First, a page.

"Tim Young, executive director of Friends of Pathways, said his group has long advocated for the inclusion of a bike lane in the rebuilding project. Town staff members have repeatedly said they have designed the project around a "complete streets" model, which calls for the inclusion of cyclists and pedestrians in transportation planning. Despite that assertion, there is not a bike lane included in the project. In addition, Young said his organization would like to see a full environmental analysis with a public comment period and a range of possible alternatives. The Wyoming Department of Transportation plans to proceed with the project under a 'categorical exclusion,' which does not require public comment, WYDOT engineer Pete Halsten said in an interview last week..."
AND NOW, FOR SOMETHING COMPLETELY DIFFERENT...
ALCHEMY GOODS -- TURNING USELESS INTO USEFUL
"Alchemy Goods bags are, quite literally, recycled. They're waterproof and the durable rubber exterior won't easily stain. These are amazing, strong bags that you will be proud to own. To prove it, this page will take you through the process of how we make your messenger bag, from junk to funk. The first thing we do is gather the materials. Seattle bike shops are cool enough to hook us up with used inner tubes that eventually become your bag's exterior. Each inner tube has distinctive details, like patches, logos and various textures. We leave these in so you can see that each bag is truly recycled and thus, unique.
CHEBOYGAN (MI) ADDRESSES WALKABILITY OBJECTIVES
PEDAL POWER AT UN MEET BUCKS INDONESIA TREND
CONSULTANT HELPS VALPARAISO (IN) GET SAFE ROUTES $$
DALLAS (TX) CARS, TRUCKS OUTGROW PARKING SPACES
RIDERS REKINDLE LOVE FOR OLD-SCHOOL SINGLESPEEDS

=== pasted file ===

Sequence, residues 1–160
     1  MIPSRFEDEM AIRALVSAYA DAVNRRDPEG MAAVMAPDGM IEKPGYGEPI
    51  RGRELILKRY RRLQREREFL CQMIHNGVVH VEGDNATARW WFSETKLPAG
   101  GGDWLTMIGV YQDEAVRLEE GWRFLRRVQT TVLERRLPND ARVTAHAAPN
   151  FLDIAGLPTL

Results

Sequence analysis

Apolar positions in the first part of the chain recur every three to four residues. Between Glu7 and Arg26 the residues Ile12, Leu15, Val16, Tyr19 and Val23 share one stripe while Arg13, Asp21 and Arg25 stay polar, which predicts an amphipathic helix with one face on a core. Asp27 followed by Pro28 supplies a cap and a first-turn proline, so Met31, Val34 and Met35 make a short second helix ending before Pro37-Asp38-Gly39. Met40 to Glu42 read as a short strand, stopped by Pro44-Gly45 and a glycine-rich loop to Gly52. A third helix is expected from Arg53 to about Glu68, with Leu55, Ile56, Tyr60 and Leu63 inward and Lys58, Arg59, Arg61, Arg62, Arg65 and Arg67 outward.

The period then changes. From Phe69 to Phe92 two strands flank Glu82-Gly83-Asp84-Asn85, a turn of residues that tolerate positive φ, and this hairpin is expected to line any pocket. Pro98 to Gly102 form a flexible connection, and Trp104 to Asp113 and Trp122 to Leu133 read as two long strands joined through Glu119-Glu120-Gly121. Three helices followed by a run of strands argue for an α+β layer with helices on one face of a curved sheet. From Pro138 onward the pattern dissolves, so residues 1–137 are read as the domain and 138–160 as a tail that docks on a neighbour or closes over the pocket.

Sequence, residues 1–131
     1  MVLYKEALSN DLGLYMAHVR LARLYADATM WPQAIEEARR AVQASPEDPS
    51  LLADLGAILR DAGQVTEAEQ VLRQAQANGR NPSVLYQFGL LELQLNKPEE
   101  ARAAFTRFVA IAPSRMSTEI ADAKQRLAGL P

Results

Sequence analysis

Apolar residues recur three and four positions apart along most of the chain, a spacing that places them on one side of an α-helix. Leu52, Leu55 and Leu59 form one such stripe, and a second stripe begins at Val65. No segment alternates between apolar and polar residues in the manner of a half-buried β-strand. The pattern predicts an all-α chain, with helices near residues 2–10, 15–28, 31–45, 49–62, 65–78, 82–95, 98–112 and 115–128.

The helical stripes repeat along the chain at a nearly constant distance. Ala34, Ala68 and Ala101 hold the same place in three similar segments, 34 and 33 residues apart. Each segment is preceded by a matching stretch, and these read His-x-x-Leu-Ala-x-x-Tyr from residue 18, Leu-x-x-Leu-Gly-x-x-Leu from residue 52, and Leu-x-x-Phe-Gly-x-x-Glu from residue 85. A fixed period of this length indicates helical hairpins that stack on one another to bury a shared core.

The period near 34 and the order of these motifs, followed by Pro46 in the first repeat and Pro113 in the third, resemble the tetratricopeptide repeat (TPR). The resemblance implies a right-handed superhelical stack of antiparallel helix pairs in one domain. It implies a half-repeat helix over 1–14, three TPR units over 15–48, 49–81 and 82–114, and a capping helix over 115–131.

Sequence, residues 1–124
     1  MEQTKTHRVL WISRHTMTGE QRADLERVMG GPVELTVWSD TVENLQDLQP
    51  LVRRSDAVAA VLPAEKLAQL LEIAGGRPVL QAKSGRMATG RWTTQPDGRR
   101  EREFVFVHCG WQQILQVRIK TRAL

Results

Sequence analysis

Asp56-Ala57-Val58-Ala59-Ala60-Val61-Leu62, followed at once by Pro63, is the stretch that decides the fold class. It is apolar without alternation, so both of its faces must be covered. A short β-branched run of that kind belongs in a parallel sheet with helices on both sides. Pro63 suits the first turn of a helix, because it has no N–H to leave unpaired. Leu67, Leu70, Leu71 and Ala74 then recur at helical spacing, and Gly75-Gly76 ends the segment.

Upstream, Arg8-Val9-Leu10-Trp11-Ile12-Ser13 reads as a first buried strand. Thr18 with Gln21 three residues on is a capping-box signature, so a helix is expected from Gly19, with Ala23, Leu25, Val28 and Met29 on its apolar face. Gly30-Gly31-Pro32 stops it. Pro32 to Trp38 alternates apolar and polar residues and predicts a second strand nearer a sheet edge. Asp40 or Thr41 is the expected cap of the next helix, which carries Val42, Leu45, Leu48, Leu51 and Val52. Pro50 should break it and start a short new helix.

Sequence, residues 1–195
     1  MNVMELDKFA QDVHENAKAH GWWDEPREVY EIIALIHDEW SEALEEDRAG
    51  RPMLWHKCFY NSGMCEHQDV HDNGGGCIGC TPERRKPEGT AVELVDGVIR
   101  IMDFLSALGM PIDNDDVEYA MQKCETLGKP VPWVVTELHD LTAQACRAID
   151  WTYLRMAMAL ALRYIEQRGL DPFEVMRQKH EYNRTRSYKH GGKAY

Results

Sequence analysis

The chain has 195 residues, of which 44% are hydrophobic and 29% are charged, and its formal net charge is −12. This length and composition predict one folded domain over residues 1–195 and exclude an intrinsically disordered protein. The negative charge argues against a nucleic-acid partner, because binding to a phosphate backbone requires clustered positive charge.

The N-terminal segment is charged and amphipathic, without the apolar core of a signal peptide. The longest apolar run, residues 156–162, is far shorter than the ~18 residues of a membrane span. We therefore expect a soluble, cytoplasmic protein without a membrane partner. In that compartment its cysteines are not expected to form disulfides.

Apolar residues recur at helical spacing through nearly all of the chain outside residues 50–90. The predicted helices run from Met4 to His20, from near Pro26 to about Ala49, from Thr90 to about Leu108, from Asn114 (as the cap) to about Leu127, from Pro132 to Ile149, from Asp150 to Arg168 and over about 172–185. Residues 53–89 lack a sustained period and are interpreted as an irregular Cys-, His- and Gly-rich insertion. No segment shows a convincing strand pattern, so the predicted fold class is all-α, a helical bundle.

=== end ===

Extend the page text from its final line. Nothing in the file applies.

-> "UNDERSTANDING DOG OWNERS' INCREASED LEVELS OF..."
-> "PARKING AT MIXED-USE CENTERS IN SMALL CITIES"
opportunities are available on the National Center for Bicycling &
Walking web site. Add your own items to the on-line calendar...it's quick
and easy. Please be sure your calendar items pertain to training and workshops
in the bicycle, pedestrian, or livable community fields. Go to:
HEY, YOU! SEND US YOUR CALENDAR ITEMS -- PRONTO!
-> January 13-17, 2008, TRB 87th Annual Meeting, Washington, D.C. Info: Transportation Research Board
-> January 28-29, 2008, Implementing a Sidewalk Management System, Madison, WI. Info: Stephen Pudloski, Program Director, University of Wisconsin-Madison, 432 N. Lake Street, Madison, WI 53706; phone: (800) 462-0876.
-> February 13-16, 2008, World Conference on the Development of Cities, Porto Alegre, Brazil. Info:
-> March 4-6, 2008, National Bike Summit 2008, Washington, DC. Info: League of American Bicyclists:
-> April 20, 2008, Walk MS 2008 (Rhode Island), Bristol, Cranston, and Narragansett, RI. Info: Rhode Island Chapter of the National MS Society; phone: (401) 738-8383.
-> May 19-21, 2008, 13th Int'l Conf. on Urban Planning, Regional Development, and Information Society ("Real Corp 08"), Vienna, AT. Info:
-> August 25-27 2008, National Rural Transportation Conference, Duluth, MN. Info:
-> September 2-5, 2008, Pro Walk/Pro Bike Conference, Seattle, WA; hosted at the Westin Seattle. Watch for info at: http://www.bikewalk.org/2008conference/index.html
-> October 21-25, 2008 National Preservation Conference, Tulsa, OK. Info:
JOBS GRANTS AND RFPS
-> JOB -- SAFE ROUTES DIRECTOR -- CHICAGOLAND BICYCLE FED.
-> JOB -- COMPLETE STREETS FELLOW -- NAT'L COMPLETE STREETS COALITION
The Fellowship comes with a stipend of $1,450 per month. The fellow be for six months, starting in January (can be flexible on start date). This position could lead to permanent employment with the National Complete Streets Coalition.
How to Apply: Interested applicants should send a cover letter, resume, short writing sample and 3 references to Stephanie Potts at <email@example.com> by Friday, January 11. Interviews will be held on a rolling basis so it's best to get your application in early.